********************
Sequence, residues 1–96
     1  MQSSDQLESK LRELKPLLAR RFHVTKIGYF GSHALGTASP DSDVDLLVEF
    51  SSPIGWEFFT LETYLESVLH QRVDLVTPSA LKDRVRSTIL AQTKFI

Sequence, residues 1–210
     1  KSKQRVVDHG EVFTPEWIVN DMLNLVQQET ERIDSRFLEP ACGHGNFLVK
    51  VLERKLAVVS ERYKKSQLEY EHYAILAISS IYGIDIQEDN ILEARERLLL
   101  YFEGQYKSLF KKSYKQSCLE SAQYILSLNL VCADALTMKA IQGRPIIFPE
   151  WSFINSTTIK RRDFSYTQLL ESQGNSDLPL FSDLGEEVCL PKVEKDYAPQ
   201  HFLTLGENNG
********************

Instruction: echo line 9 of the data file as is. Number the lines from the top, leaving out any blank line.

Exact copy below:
   201  HFLTLGENNG